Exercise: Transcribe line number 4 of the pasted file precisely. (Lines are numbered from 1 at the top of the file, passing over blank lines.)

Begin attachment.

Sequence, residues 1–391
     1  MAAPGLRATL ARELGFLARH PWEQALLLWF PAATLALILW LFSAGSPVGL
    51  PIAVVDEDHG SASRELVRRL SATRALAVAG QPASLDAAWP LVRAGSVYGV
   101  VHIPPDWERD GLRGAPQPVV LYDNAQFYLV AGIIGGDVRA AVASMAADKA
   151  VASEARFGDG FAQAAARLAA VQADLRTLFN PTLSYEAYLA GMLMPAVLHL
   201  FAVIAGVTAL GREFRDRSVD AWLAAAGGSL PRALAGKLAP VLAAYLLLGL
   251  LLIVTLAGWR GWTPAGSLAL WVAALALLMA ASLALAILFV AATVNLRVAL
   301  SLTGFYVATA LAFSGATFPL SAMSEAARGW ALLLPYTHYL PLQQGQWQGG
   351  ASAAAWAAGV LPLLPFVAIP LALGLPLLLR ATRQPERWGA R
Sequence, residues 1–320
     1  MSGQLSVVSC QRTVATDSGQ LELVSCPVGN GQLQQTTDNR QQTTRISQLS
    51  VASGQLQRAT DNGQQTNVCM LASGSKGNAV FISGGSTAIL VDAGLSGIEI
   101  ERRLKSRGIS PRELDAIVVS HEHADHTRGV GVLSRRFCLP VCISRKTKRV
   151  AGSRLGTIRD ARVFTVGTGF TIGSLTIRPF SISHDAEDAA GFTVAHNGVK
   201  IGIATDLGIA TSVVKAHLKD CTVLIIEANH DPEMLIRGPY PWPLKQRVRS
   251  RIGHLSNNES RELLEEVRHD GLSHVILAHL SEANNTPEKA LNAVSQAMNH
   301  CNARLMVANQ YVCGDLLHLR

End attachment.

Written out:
   101  VHIPPDWERD GLRGAPQPVV LYDNAQFYLV AGIIGGDVRA AVASMAADKA